Gaelic Literature  of the Isle of Skye: an annotated  bibliography   

 

Traditional Prose: collections and collectors

 

 

 

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THORBURN, Somhairle  (20th Century)

 

Samuel Thorburn, or Sammy Shomhairle, belonged to Waterstein in Glendale, Skye.  He was the son of Somhairle Beag, a well known local storyteller (Scottish Studies, 7:26)

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Somhairle Thorburn.  Gileabart is Coinneach Beag’.  Gairm, 26 (An Geamhradh 1958), 164-169.

 

Recorded by James Ross in July 1953.  From School of Scottish Studies recording R.L. 361 and R.L. 364.  It is the tale of two Tiree weavers who could be said to represent ‘brain and brawn’.  Coinneach Beag hatches a plot to defraud his and Gileabart’s customers, and then the rest of the tale is taken up with his attempts to dispose of his partner in crime and keep all the proceeds for himself.  Each time Gileabart escapes by a lucky chance and the tale ends with both men settled contentedly.

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James Ross.  ‘A Rhampsinitus Story from Skye: Goban Saor ‘s a Mhac’.  Scottish Studies, 2 (1958), 123-139.

 

Transcript of a tale told by Somhairle Thorburn in June 1957; from School of Scottish Studies recording R.L. 628.  Text (pp. 123-128), James Ross’s translation (pp. 128-133), and James Ross’s notes (pp. 133-139).

 

Goban Saor, a clever builder, and his son build a bank.  They leave a concealed entrance, whereby they may return later to rob the bank.  The story then centres round the efforts of an unnamed wise man to trap the robbers, which results in Goban Saor’s death.  His son escapes and by means of trickery and murder eventually emerges triumphant and even marries the laird’s daughter.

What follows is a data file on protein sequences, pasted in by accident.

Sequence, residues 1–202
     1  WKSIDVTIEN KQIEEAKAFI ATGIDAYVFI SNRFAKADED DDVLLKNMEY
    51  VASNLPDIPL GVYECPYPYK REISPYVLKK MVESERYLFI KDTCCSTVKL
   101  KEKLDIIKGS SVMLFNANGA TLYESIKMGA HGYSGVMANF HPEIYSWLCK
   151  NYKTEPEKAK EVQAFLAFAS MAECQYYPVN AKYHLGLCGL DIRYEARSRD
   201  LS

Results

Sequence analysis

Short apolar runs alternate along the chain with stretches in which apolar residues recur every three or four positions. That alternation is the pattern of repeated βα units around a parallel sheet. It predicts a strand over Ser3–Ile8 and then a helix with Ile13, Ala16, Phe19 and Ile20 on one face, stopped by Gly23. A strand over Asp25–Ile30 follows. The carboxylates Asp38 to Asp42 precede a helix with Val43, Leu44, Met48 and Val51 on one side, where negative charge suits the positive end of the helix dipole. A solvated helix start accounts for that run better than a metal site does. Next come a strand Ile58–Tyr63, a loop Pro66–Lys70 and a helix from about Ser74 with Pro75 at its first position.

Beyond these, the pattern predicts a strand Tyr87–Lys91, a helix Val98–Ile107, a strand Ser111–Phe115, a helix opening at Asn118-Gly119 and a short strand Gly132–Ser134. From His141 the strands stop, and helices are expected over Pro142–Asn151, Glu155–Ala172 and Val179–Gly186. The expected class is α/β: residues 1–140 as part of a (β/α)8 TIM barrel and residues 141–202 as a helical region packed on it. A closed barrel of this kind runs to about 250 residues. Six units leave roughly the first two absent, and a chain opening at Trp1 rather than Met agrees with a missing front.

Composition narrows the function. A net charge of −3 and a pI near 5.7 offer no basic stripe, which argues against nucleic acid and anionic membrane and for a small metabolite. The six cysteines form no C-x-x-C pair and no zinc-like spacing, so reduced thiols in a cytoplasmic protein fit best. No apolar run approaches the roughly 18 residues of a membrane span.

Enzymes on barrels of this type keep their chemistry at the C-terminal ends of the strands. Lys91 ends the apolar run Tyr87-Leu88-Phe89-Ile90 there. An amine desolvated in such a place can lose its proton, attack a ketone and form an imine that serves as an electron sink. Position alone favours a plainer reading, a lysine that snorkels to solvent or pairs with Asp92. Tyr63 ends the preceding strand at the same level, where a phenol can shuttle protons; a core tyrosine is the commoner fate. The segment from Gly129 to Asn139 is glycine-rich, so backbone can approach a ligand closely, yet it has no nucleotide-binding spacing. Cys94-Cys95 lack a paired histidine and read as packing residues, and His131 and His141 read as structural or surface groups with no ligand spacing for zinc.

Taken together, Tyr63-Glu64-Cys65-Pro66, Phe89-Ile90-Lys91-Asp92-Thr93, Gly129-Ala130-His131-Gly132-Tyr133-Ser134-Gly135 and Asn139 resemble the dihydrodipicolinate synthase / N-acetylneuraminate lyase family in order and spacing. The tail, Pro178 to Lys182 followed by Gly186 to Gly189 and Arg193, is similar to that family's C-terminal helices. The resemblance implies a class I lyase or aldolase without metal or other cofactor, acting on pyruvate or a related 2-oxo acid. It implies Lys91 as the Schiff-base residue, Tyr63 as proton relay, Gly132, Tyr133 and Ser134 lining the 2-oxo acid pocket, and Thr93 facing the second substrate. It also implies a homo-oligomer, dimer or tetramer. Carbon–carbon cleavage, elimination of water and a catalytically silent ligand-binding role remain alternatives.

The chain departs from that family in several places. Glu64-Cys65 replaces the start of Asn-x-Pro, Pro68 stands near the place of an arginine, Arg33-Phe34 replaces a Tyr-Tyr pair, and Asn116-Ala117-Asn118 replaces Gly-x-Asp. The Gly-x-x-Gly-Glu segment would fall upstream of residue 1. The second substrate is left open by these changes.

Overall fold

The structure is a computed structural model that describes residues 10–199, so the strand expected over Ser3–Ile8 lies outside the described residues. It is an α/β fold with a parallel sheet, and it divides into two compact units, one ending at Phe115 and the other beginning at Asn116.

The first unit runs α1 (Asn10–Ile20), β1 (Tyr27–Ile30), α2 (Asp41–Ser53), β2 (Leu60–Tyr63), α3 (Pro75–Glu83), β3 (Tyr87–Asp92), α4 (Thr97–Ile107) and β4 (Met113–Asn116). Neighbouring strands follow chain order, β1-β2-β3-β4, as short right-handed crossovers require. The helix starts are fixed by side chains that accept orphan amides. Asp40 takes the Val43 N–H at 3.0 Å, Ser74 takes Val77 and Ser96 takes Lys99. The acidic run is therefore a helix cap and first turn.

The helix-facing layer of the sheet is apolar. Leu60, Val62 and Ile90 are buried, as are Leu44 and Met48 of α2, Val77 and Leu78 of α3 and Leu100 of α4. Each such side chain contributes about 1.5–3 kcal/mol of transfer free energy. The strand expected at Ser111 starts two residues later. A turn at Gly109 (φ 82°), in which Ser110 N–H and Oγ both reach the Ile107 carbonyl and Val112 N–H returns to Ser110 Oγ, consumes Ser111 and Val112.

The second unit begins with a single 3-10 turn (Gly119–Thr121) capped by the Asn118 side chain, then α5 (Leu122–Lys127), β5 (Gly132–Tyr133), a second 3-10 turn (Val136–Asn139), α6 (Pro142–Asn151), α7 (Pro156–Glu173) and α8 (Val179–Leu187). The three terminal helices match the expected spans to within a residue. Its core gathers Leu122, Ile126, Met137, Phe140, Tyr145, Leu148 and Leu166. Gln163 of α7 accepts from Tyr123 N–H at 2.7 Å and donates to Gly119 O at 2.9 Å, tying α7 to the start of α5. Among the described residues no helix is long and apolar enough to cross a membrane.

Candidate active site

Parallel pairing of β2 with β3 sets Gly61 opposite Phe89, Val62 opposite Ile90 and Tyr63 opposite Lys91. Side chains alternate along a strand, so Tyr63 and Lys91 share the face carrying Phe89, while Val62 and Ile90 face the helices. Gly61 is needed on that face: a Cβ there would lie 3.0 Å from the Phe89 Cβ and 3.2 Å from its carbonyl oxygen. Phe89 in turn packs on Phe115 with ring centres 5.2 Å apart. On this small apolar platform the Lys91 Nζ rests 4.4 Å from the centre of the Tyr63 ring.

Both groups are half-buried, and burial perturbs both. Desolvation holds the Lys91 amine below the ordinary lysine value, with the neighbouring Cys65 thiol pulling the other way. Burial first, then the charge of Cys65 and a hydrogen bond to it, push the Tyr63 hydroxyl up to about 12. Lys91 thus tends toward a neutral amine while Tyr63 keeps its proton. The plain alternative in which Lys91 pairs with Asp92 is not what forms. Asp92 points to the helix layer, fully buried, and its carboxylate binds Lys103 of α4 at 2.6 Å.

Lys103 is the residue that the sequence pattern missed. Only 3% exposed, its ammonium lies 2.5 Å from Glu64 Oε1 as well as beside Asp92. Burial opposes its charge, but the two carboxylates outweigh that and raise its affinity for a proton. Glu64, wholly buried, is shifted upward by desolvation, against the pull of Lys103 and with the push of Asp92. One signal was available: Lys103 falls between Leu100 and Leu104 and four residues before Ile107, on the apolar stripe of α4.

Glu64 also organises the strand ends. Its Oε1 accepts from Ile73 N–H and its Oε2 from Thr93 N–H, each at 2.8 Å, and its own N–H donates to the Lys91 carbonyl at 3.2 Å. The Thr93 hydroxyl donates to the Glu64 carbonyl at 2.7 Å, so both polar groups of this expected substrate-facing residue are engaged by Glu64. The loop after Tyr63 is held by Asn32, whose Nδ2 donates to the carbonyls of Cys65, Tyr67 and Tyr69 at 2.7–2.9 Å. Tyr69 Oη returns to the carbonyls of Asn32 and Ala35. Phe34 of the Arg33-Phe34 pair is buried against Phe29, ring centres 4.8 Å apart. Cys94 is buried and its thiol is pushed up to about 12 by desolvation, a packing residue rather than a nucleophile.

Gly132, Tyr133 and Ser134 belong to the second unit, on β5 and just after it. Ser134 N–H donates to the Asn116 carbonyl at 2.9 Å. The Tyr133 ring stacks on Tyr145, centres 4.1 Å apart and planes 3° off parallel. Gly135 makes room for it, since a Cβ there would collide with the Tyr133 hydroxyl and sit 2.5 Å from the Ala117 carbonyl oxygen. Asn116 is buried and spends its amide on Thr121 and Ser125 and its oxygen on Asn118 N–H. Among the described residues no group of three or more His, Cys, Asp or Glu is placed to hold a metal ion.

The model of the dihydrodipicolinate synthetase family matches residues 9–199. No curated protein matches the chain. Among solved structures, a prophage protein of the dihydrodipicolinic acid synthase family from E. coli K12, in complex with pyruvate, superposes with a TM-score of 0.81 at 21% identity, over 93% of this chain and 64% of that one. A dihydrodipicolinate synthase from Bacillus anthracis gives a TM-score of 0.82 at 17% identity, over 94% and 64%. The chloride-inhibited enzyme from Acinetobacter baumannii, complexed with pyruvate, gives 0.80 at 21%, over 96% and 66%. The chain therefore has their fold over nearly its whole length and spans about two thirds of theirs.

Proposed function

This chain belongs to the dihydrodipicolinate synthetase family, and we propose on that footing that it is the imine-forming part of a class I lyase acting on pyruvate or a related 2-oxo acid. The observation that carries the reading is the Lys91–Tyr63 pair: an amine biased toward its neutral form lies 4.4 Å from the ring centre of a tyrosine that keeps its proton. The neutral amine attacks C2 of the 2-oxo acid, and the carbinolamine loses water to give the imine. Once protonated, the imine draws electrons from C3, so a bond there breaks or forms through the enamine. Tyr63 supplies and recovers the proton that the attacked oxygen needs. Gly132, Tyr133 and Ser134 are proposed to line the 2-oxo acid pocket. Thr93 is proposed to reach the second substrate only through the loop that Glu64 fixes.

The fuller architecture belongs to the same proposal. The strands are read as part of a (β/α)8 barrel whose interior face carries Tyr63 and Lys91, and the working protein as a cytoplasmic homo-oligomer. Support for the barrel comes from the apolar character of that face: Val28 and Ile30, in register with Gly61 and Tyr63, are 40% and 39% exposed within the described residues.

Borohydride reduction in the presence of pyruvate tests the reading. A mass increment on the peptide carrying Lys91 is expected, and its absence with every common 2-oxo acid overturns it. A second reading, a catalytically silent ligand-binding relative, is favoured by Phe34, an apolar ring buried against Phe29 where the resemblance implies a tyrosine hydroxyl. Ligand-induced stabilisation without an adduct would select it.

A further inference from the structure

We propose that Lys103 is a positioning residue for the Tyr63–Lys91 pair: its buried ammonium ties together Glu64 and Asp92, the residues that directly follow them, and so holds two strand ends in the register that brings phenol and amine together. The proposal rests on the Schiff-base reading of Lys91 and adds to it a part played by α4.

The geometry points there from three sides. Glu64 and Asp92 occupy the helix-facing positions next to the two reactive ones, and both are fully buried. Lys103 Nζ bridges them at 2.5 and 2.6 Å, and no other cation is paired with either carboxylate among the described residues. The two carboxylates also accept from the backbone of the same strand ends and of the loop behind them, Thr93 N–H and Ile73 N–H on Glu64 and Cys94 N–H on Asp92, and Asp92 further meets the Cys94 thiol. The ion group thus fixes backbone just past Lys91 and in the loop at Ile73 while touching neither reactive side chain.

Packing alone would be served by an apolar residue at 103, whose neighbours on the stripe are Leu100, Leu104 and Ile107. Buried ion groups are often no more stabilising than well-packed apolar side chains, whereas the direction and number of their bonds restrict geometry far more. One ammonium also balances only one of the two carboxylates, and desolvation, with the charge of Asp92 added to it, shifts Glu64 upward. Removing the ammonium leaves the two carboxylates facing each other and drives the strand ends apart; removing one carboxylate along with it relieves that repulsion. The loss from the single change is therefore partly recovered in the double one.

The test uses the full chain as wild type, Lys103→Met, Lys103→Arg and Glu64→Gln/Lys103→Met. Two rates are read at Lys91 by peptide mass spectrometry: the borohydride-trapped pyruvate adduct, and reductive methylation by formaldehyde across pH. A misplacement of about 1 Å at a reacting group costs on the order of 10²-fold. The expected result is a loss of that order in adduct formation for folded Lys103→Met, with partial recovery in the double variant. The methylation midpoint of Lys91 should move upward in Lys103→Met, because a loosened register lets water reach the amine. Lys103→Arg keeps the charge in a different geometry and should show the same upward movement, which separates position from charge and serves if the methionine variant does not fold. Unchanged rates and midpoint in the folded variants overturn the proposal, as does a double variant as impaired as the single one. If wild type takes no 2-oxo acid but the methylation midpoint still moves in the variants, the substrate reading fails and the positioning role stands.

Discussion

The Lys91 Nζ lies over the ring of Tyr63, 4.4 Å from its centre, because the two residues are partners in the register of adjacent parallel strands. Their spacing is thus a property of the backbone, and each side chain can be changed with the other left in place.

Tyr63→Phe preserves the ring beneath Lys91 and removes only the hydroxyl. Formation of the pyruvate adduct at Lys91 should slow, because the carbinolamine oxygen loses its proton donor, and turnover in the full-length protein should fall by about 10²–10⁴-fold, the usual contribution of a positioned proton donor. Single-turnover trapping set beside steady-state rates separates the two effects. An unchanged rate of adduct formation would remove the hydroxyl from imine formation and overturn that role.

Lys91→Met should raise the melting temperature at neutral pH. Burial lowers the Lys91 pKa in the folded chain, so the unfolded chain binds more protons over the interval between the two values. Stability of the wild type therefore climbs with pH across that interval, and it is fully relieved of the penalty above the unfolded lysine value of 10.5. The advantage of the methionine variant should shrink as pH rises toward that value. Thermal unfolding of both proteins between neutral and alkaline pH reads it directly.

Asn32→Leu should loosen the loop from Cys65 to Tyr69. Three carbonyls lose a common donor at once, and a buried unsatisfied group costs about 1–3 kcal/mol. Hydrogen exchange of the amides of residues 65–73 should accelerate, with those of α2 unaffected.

James Ross examines the long provenance of the character of Goban Saor in the Scottish and Irish Gaelic traditions.  He then goes on to examine the international provenance of the tale; pointing out that the

international folk-tale of which it is a variant first appeared in written form in Herodotus, who related it as he heard it told in Egypt of the rich King Rhampsinitus.

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James Ross.  ‘Mac a Bhutler: The Butler’s Son: a Master Thief Story from Skye’.  Scottish Studies, 7 (1963), 18-36.

 

Transcript of a tale told by Somhairle Thorburn in July 1953, from School of Scottish Studies recording R.L. 365.  Text, with parallel English translation by James Ross (pp. 18-26) and notes by James Ross (pp. 26-36).

 

The laird’s butler’s son is accused of stealing and is sent away to Glasgow, where he is apprenticed to a robber.  He proves himself more than a match for the Master Thief and returns home to finally outwit the laird.

 

In his notes, James Ross points out that the story is a variant of an internationally known tale of the Master Thief.  He quotes Stith Thompson’s description of the geographical distribution of this group of tales and a

literary origin in the Renaissance (Thompson 1964: 175).

 

 

 

 

 

 

PROSE

 

Traditional

Single items

 

Traditional:

collections

An Cabairneach

Daileach

Tormod Domhnallach I

Tormod Domhnallach II

Anna Ghreum

Gilleasbuig Aotrom

Iain MacAonghais

Aonghas Mac a’ Phi

Domhnall MacCuithein

J. G. MacKay

Hugh MacKinnon

Calum I. MacLean

Kenneth MacLeod

Niall MacLeòid

Alasdair MacNeacail

Eoghainn MacRath

Somhairle Thorburn

 

Non-traditional,

Creative

A-C,  An Cabairneach,

D-M,  N-Z,

Eilidh Watt

 

Journalism and

Miscellaneous

A-MacF,   MacG-Z

 

           

Abbreviations

 

Contact

 

 

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Poetry: homepage     

 

    Bibliography: homepage

 

© A Loughran, 2016